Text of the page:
Between Heaven and Hell – Joseph Moog plays Franz Liszt [Onyx]

5 of 5 stars

Liszt
Piano Sonata in B minor, S.178
Deux Légendes, S.175 – St François d’Assise: La prédication aux oiseaux; St François de Paule marchant sur les flots
Années de pélerinage: Deuxième année, S161 – VII: Après une lecture du Dante (Fantasia quasi sonata)
Two Csárdás, S.225 – II: Csárdás obstiné

Joseph Moog (piano)

Recorded 6-9 August 2019 at the SWR Studio Kaiserslautern, Germany


Reviewed by: Peter Reed

Reviewed: February 2020
CD No: Onyx 4195
Duration: 64 minutes

I first heard the 32-year-old German pianist Joseph Moog at a Chopin Society recital in November 2019 in Westminster Cathedral Hall, and it is an understatement to declare that I was swept away, not just by his wizardry but also by his musicianship – and a pianist who includes Fauré in their programme already has me on their side. That aside, it was Moog’s performance of Liszt’s B-minor Sonata that had me on the edge of my seat – it seemed that all the ley-lines of virtuosity and imagination were beaming the audience up into something outstanding.

This most recent CD, a Liszt programme titled ‘Between Heaven and Hell’, quickly followed, confirming Moog’s uncanny identification with Liszt’s polarisation between the demonic and the divine. I should add that a glance at Moog’s discography suggests how thoroughly grounded he is in the romantic repertoire – and I strongly recommend his Moskowski Concerto album.

The Liszt CD certainly lives up to its title as Moog steers the Sonata in B-minor between extremes of energy and meditative stillness. His formidable attention to detail sounds completely organic, and matters of phrasing and rubato add greatly to an intensely communicative approach that is both intuitive and deeply considered. He takes the fugue at what sounds like Allegro energico on steroids, but it makes sense in context, especially since the preceding slow section has built to a climax that simply takes your breath away. It demonstrates that Moog is more than a complete virtuoso; he also connects with the Lisztian ego as filtered through the piano, equally persuasive in the nuance as in the bravado of his rhetoric.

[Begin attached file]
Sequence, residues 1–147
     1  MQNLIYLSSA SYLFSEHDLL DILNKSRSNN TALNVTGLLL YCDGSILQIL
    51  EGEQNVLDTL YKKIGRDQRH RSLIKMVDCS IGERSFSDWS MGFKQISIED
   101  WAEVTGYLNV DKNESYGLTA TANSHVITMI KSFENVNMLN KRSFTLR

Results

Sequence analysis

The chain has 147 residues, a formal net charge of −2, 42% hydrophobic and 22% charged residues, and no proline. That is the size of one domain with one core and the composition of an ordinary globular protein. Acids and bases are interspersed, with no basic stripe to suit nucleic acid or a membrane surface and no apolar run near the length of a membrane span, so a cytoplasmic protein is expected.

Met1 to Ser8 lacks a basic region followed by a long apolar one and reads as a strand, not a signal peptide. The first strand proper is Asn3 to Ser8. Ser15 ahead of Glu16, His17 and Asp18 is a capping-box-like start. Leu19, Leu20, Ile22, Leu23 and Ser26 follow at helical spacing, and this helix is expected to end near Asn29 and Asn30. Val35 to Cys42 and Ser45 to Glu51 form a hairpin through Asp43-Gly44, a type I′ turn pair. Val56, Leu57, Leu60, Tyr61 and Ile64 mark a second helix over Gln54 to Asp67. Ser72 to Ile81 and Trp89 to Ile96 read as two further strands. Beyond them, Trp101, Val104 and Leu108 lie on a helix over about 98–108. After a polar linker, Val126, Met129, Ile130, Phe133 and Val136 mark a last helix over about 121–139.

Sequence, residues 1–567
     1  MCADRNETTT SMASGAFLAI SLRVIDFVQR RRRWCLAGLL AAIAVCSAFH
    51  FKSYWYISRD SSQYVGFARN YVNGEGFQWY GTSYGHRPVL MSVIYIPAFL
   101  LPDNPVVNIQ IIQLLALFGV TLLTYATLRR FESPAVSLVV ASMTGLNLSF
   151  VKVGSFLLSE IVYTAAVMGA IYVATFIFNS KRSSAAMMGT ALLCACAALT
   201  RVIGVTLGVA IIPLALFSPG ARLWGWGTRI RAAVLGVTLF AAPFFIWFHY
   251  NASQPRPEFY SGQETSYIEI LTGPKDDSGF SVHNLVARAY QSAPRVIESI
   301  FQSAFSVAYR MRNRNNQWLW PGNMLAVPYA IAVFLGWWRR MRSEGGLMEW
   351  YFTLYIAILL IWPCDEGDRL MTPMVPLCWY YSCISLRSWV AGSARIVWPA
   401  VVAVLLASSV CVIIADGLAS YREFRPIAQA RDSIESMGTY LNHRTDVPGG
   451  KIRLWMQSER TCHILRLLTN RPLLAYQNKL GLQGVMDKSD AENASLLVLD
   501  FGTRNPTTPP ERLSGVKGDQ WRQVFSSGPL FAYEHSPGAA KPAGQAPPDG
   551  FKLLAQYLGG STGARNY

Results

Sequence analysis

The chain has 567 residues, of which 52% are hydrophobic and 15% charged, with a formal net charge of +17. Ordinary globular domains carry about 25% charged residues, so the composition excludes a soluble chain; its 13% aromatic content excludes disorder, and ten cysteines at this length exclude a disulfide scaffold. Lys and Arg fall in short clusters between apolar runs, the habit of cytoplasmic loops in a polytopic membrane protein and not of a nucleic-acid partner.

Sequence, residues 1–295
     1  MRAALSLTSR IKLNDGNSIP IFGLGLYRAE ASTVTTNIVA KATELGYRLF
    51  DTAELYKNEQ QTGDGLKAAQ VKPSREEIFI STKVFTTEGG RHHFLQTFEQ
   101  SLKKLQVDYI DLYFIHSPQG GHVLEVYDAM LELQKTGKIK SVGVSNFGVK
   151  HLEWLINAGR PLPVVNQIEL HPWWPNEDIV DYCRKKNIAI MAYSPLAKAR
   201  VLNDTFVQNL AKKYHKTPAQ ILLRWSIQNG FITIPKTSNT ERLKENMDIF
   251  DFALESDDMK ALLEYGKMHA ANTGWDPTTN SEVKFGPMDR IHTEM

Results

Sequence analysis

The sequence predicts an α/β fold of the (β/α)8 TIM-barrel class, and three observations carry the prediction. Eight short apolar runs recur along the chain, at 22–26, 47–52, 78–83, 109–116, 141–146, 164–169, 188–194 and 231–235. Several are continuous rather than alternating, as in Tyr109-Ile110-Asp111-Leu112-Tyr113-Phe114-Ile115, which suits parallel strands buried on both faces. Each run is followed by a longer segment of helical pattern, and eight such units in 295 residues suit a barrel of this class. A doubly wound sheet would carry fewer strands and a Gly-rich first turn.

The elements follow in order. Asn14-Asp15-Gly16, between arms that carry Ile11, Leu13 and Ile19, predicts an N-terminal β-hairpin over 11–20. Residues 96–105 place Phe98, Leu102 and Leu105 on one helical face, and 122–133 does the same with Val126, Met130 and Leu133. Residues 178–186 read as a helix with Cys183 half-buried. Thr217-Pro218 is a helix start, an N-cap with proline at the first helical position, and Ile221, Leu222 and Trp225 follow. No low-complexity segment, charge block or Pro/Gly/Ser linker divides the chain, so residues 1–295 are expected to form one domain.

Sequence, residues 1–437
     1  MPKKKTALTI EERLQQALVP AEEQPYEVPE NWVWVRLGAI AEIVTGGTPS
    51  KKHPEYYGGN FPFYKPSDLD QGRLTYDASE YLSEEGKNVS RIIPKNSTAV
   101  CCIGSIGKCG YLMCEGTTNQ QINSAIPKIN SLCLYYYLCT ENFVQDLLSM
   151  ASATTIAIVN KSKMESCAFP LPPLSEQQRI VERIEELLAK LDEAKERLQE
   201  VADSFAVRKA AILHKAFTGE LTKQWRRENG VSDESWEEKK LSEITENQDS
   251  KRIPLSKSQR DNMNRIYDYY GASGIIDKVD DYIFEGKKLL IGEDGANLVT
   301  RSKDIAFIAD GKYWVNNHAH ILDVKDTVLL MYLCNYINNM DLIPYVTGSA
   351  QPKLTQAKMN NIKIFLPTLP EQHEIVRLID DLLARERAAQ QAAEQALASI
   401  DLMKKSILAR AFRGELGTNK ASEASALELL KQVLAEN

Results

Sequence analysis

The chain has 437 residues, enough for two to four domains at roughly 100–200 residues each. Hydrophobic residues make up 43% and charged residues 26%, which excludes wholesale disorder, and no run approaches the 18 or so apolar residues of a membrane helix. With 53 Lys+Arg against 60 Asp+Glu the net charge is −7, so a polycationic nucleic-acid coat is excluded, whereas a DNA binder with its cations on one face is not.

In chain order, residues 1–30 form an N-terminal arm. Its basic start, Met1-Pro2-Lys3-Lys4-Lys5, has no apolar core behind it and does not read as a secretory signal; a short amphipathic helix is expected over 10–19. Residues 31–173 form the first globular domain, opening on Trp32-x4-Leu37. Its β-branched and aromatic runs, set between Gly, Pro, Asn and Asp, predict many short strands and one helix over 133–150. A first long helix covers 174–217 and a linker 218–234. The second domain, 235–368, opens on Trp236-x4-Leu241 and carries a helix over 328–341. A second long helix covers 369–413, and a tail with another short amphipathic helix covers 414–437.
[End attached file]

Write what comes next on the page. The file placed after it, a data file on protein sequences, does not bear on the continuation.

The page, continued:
The two Légendes prove how thoroughly Moog is inside Liszt’s spiritual idiom. In St Francis’s sermon to the birds, Moog evokes their chirrupings superbly, and goes on to give a wonderful impression of both the saint and his feathered friends being made mutually wiser by the music. St Francis walking on the water is just as transformational, as Moog effortlessly conflates the elemental and the holy through his transcendent playing. Moog’s moody and magnificent account of the Dante Sonata and his ebullient way with the late Csárdás obstiné complete a programme that covers four decades of Liszt’s genius with impeccable brilliance and understanding.

Joseph Moog is playing at the Wigmore Hall on Friday March 20, 2020 for a recital including the Liszt B-minor Sonata, and, if this CD is anything to go by, it is unmissable.

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